Unfortunately for him, he had a deadline to meet. The steer skull he’d done had been for fun. And maybe because he’d procrastinated tackling the commissioned painting he needed to do. He’d been in the mood to work on anything but canvas the past few weeks.
“Oh, well.” He could get over himself and start on the zombie bride and groom portrait. The couple who’d commissioned the piece had married on a Halloween night in the past, and this coming one would be their ten-year anniversary. He should be more excited, having been given creative license with their portrait. It was just that he was a teeny bit envious of their relationship. He kept finding Mr. Wrong every time he dated.
“Maybe if I picked better.”
“Boss? Are you talking to yourself again?” Edge called out from the other room.
Jerome snorted. “Only way I’ll have an intelligent convo.”
“Keep telling yourself that,” Edge retorted. “More like you’re the only one who wants to talk to you.”
Before Jerome could think of an answer, the doorbell chimed, and Edge greeted whatever customer had entered the place. Most people came in to look, not shop. More than once, Jerome’s gallery had been referred to as ‘macabre’, ‘depressing’ and more often, ‘weird’. He didn’t care. At least he wasn’t the one coming in to gawk at something while tossing about an air of superiority.
Okay, maybe it irks me a little. Sighing, he got up from his favorite stool and stretched, arching his back, purring as it popped in a few places. He twisted to the left, then the right, working out some of the stiffness that came with sitting and hunching over a piece for too long.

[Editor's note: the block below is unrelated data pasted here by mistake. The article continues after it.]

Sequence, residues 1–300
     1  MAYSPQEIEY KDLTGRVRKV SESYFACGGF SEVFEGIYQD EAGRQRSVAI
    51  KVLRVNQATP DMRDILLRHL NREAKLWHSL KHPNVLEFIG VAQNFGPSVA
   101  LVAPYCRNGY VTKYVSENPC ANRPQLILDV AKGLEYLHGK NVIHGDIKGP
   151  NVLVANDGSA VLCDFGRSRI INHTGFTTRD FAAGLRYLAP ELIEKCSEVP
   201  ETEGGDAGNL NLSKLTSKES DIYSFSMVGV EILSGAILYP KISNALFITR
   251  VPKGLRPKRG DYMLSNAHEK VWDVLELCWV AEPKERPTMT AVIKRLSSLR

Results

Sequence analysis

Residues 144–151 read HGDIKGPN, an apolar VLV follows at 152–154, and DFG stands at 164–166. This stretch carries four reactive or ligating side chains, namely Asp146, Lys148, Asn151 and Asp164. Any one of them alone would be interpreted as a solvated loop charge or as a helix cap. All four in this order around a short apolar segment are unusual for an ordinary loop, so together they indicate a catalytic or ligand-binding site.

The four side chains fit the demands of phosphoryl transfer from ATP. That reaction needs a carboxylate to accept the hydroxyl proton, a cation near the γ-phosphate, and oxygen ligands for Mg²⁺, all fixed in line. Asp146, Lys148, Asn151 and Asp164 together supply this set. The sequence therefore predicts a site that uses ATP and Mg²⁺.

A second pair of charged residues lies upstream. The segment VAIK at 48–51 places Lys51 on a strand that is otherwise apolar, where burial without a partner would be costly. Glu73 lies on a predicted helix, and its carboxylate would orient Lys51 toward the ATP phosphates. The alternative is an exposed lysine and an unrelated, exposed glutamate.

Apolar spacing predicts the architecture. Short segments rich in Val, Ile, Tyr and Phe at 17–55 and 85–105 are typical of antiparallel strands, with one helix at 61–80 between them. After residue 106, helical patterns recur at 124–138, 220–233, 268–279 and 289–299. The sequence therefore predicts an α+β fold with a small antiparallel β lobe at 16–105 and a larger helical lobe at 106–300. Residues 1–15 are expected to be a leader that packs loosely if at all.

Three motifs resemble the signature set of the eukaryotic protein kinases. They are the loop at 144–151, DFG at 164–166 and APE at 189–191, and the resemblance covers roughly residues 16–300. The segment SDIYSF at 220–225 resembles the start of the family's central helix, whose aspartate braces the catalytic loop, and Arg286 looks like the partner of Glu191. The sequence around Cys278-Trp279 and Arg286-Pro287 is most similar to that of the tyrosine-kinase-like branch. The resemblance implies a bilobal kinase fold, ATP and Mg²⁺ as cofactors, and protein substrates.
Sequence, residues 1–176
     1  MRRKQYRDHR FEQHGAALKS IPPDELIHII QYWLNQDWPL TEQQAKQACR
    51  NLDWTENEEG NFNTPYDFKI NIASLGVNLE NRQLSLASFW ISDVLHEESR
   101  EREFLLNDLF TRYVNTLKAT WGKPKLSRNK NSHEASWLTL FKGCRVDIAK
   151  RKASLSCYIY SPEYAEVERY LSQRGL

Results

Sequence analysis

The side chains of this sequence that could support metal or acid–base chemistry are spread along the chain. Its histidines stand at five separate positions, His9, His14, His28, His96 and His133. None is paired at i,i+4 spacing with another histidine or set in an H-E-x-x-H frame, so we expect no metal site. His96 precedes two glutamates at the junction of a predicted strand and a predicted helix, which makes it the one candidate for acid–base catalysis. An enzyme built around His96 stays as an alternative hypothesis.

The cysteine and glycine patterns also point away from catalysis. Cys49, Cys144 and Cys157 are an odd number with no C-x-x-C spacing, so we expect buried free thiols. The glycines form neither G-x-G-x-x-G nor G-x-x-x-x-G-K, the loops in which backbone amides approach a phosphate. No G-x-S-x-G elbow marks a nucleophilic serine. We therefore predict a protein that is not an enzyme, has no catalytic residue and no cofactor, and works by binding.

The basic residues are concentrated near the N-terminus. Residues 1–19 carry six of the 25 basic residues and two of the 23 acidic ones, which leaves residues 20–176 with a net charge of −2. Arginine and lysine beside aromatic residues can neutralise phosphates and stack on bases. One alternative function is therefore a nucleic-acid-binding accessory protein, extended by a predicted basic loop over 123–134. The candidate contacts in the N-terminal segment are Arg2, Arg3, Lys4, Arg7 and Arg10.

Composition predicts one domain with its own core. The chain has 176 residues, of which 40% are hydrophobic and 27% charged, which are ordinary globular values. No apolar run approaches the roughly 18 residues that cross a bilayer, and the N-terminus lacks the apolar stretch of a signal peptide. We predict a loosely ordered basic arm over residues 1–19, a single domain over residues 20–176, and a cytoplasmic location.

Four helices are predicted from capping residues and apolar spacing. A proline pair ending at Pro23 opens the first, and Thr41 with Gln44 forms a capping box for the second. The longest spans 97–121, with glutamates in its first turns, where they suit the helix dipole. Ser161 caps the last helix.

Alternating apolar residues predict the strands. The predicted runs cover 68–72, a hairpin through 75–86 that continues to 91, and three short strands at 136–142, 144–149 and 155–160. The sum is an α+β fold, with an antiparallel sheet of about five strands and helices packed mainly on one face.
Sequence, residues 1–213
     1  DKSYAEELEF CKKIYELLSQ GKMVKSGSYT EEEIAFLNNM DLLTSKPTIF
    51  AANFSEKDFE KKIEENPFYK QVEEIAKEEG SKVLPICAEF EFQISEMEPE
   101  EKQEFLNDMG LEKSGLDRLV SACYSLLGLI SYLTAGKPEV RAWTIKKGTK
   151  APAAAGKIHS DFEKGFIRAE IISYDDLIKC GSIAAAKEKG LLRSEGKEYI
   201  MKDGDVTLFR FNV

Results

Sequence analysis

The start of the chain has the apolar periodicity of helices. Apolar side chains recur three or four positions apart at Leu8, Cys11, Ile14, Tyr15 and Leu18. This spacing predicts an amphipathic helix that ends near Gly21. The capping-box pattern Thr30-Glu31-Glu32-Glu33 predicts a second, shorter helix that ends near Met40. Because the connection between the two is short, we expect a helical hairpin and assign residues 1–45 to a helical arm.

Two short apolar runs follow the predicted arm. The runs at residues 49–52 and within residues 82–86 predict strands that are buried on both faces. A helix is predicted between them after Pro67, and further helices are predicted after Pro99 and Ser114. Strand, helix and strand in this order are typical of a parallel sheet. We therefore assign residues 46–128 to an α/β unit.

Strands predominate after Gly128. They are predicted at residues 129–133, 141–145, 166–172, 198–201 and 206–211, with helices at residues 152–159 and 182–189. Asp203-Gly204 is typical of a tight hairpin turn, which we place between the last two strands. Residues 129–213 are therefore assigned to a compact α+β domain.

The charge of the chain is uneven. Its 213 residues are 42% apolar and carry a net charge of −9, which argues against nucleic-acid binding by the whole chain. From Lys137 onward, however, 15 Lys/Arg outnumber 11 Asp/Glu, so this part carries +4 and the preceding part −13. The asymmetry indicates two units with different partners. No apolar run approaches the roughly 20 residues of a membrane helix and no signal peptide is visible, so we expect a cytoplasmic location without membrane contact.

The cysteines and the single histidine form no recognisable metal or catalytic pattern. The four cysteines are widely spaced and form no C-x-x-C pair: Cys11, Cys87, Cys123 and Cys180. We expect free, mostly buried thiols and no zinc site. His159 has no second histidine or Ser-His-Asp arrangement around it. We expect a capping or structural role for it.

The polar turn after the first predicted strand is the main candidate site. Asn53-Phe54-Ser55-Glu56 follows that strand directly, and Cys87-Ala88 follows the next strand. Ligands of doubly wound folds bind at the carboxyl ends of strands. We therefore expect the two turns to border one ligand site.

The finished skull caught his attention again. There was a little more blood and gore in the details than usual, particularly in the last images he’d added. He might have been angrier than he’d realized over the phone call from his ex a couple of nights ago.
Jerome rubbed the back of his neck and rotated his head from side to side. If Trent, his oldest brother, found out about Luke calling him, there’d be all kinds of lectures and advice to listen to, even though Luke hadn’t been trying to get back together with him.
He’d just have to be careful not to let it slip, which would be difficult. Jerome tended to blurt out things he was trying to keep secret. He couldn’t lie worth shit, and no one in the family asked him to cover for them under any circumstances. He never told on purpose. He just got nervous and something in his brain would short-circuit, then boom! There went the secret.
Shrugging off his musings, Jerome left his little studio and entered the main part of the building. The gallery wasn’t huge, and it wasn’t traditional. He couldn’t have handled working in a boring place that looked like every other gallery in the area.
Edge was talking to a couple—or at least, Jerome assumed they were a couple. The men were standing very close to each other, with the taller guy having a proprietary hand on the shorter dude’s lower back.